Review: They Eat Puppies, Don’t They? by Christopher Buckley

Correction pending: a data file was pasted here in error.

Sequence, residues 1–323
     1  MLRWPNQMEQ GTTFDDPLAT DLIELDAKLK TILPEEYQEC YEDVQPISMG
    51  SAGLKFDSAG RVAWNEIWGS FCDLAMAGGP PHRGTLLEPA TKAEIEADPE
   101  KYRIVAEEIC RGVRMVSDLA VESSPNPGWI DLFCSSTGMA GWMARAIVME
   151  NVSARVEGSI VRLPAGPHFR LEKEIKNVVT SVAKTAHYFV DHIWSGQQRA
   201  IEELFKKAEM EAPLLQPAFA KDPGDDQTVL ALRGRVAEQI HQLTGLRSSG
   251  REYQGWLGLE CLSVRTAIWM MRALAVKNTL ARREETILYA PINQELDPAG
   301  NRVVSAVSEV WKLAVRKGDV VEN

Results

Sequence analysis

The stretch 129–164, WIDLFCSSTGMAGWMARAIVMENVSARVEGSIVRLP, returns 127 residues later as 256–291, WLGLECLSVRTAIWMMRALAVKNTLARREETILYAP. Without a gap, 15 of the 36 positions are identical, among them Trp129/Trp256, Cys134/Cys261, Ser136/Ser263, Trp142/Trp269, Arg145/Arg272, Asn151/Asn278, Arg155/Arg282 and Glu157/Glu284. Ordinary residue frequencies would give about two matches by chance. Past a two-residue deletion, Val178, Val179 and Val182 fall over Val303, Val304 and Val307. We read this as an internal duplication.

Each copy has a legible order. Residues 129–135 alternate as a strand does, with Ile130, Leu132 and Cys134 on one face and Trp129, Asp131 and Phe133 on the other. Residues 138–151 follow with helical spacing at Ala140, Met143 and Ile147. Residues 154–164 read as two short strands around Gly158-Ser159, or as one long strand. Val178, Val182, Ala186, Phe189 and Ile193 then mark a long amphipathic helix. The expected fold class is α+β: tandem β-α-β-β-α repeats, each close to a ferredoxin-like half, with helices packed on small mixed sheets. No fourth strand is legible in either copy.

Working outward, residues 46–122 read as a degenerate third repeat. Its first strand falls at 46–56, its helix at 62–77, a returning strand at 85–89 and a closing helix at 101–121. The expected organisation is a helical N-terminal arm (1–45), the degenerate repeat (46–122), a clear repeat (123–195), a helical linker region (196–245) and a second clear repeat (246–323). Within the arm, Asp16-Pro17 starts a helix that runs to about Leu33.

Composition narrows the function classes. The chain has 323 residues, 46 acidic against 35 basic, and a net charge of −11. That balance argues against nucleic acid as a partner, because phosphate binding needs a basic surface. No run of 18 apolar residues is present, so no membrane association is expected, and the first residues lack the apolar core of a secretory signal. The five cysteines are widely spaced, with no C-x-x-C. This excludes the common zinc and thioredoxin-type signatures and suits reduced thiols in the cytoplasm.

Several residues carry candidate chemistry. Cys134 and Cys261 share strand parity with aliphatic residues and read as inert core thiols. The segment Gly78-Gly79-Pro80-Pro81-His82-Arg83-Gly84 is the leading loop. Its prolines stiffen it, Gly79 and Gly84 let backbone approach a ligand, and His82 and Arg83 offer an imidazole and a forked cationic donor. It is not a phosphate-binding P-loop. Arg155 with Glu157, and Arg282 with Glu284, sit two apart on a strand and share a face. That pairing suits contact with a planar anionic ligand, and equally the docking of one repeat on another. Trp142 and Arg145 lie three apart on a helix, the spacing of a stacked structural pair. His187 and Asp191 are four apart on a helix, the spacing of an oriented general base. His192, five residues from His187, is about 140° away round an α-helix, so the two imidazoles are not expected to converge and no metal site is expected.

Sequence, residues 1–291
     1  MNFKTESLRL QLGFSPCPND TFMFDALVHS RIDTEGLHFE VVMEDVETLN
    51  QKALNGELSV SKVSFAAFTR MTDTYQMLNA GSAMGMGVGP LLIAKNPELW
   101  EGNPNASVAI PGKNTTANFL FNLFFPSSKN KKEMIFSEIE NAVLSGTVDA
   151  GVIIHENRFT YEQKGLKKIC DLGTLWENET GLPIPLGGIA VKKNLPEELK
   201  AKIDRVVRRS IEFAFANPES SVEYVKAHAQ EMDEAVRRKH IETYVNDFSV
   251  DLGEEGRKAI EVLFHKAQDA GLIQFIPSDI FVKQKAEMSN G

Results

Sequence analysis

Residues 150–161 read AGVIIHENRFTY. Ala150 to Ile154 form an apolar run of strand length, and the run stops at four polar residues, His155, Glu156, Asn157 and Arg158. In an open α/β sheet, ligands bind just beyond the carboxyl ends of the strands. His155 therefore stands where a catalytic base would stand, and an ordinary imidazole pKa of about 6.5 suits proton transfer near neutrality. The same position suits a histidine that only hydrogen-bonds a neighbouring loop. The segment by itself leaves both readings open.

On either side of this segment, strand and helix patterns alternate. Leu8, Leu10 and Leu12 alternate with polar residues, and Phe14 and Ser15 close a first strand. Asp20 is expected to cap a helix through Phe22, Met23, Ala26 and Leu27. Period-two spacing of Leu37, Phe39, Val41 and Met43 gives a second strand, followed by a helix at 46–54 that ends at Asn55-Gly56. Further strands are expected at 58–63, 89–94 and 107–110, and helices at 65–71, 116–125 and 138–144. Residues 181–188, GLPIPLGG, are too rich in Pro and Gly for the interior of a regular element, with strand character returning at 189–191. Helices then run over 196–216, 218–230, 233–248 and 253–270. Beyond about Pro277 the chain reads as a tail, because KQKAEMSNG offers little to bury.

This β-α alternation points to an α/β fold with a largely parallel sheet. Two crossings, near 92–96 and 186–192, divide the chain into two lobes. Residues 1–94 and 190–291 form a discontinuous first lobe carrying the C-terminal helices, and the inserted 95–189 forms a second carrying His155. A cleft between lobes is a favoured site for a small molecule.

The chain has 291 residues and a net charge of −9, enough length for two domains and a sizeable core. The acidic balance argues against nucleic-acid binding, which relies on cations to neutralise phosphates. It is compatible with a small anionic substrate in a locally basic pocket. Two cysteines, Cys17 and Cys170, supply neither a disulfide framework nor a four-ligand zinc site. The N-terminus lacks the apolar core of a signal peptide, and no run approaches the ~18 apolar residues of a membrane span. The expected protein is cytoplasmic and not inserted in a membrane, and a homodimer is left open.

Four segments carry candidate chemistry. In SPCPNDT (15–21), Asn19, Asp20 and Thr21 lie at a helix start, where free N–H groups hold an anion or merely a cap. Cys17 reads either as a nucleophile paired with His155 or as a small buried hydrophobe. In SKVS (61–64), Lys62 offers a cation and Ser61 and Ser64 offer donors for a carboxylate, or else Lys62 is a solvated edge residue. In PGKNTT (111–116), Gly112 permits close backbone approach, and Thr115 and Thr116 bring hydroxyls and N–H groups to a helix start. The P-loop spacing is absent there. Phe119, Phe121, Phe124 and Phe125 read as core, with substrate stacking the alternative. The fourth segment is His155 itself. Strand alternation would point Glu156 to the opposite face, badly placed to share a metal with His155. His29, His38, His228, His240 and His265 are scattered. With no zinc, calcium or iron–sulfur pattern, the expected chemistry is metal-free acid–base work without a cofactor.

I personally believe that Christopher Buckley is about the best thing to happen to the human race since the invention of the wheel. I read his blistering, hilarious No Way to Treat a First Lady six years ago and became a full-on convert to the worship of his wit and brilliance. (For the record, I think NWtTaFL is superior to Thank You for Smoking, the one reviewers always hold up as his seminal contribution. Though the latter is pretty great as well.) So my hopes were high for his latest satirical novel, They Eat Puppies, Don’t They?, which tackles US-Chinese relations and opens, promisingly, on a Senate committee hearing full of pompous, pontificating policymakers “droning about drones.” Defense lobbyist Walter “Bird” McIntyre and his boss, the CEO of aerospace weapons manufacturer Groepping-Sprunt, have lost their battle to get funding for their pet project—a drone named DUMBO—approved. “On top of the ‘funding factor’ (Washington-speak for ‘appalling cost overruns,’ Bird and Groepping-Sprunt were up against a bit of a ‘perception problem’ (Washington-speak for ‘reality.’)” So with the ultimate goal of shoring up the defense giant’s bottom line and tacitly promoting its new, top-secret project that “has something to do with China,” Bird sets up a phony foundation called “Pan-Pacific Solutions” and teams up with a blonde Ann-Coulter-esque think-tanker named Angel Templeton to gin up anti-Chinese sentiment and convince America that having preemptive weapons systems in place to take on the authoritarian powerhouse is a good idea. (Angel is the CEO of, in yet another touch of nomenclatural brilliance, the Institute for Continuing Conflict, or ICC.) The plan is to somehow make it look like the Chinese government poisoned the Dalai Lama and, as you can imagine, hijinks ensue.